Exaflop Supercomputer

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Message 1706908 - Posted: 31 Jul 2015, 5:32:12 UTC

Thought this was interesting. Not so much for all the cost of it but the NVLink they talk about would be a great advance for all of us.


http://www.digitaltrends.com/computing/obama-signs-executive-order-paving-the-way-for-an-exaflop-supercomputer/
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Message 1706924 - Posted: 31 Jul 2015, 7:50:39 UTC

Not to get too political, but the government is already way too huge. Has its fingers in way too much. What does this require an executive order? Executive orders are a way to bypass the other branches of government and I know all presidents do them.

Not of a fan of big government, so I guess I will stop here and just let the machine roll on.

Bob
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Message 1706930 - Posted: 31 Jul 2015, 9:05:34 UTC
Last modified: 31 Jul 2015, 9:06:57 UTC

This is a political issue. In the top500 list, updated twice a year. China has taken the lead. Now they are installing aluminium panels on the 500 meters FAST radiotelescope, bigger than Arecibo, and it will have a new supercomputer too.So the US Gov is trying to catch up with the Joneses...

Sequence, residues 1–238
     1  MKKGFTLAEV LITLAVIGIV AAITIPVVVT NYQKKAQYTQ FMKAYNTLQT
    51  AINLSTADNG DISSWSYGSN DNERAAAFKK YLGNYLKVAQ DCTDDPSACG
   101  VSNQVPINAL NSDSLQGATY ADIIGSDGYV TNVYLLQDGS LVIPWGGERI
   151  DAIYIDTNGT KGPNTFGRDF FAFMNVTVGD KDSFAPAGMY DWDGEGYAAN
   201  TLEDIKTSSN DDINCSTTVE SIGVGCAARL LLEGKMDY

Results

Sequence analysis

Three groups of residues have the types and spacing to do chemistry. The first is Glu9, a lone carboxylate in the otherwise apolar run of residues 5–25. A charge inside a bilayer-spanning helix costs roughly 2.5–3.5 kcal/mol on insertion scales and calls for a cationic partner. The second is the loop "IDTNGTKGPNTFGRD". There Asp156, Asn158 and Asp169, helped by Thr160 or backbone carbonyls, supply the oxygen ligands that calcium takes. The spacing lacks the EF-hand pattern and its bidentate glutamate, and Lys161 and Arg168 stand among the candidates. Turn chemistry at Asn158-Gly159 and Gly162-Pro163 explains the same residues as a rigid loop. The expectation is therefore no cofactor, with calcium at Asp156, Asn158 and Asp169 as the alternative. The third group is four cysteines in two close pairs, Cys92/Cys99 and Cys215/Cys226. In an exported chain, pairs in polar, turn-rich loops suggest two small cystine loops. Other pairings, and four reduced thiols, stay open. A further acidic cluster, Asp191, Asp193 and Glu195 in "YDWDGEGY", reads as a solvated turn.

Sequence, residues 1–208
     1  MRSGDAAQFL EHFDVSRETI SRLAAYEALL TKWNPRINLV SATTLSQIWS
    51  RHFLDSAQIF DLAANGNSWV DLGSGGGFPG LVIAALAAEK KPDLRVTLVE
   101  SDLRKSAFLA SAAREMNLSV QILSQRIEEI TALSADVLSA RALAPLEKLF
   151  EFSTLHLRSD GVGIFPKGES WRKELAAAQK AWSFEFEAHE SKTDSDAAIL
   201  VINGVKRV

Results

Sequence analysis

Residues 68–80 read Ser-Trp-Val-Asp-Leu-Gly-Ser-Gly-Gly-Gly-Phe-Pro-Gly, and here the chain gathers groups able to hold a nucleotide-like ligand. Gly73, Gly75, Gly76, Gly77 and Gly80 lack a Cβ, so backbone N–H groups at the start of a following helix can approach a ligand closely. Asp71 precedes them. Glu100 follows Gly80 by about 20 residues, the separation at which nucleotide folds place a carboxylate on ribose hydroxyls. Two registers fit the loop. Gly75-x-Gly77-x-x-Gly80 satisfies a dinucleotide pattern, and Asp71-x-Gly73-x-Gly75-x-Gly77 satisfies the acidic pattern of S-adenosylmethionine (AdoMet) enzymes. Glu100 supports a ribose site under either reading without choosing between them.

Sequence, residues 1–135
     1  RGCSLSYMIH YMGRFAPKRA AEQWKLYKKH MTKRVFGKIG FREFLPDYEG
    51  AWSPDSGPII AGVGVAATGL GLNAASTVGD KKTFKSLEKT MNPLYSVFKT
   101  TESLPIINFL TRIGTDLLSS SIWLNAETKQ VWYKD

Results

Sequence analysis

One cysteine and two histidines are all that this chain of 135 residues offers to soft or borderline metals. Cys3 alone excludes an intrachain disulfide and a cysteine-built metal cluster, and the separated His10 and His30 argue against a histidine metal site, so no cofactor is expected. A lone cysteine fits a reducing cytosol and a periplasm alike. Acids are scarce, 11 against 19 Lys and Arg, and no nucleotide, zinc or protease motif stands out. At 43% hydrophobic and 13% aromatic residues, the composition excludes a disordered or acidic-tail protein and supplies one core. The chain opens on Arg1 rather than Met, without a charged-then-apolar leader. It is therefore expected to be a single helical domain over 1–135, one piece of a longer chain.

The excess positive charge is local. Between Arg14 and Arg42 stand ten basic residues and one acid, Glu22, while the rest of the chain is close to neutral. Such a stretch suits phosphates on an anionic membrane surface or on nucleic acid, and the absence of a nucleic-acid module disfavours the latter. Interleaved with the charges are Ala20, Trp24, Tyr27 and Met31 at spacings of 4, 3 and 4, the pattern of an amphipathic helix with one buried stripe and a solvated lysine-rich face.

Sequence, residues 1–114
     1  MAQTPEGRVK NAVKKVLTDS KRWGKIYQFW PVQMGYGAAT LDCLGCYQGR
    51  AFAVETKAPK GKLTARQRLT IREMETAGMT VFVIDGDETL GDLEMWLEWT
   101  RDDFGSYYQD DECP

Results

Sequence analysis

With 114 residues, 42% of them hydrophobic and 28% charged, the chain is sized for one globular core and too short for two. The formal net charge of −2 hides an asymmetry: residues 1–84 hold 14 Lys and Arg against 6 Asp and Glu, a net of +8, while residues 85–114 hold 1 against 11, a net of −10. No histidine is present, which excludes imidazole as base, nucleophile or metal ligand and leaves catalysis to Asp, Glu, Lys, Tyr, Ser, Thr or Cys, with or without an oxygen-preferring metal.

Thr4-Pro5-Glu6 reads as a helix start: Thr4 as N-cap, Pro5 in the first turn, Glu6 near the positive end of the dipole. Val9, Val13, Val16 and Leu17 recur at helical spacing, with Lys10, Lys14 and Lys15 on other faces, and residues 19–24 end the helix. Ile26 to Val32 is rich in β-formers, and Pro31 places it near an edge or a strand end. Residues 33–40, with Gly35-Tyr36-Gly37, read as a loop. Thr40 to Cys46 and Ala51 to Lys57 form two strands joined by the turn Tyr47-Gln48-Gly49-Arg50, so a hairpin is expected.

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Message 1706953 - Posted: 31 Jul 2015, 12:08:42 UTC

I guess Moore's law really doesn't matter for these supercomputers if you have a big enough room. ;~)
The mind is a weird and mysterious place
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Message 1706956 - Posted: 31 Jul 2015, 12:30:59 UTC - in response to Message 1706953.  

What you need is cooling system for thousands of CPU and GPU. Of course nVidia will provide the GPUs and Intel the CPUs.
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Message 1706981 - Posted: 31 Jul 2015, 13:51:56 UTC - in response to Message 1706956.  
Last modified: 31 Jul 2015, 14:02:43 UTC

The large super computers in the world can compute perhaps 30 times faster than all of the seti@home computers. Currently a GPU can process on the order of 1 tera FLOPS; seti@home can command about 700 teraflops but might be working on 100,000 or more separate work units.

This suggests that prescreening of work units as they roll in off of the world's largest radio telescope antennas could be accomplished by a low cost applique to the antenna---reserving only the most promising scans for an extended computational analysis for purposive content.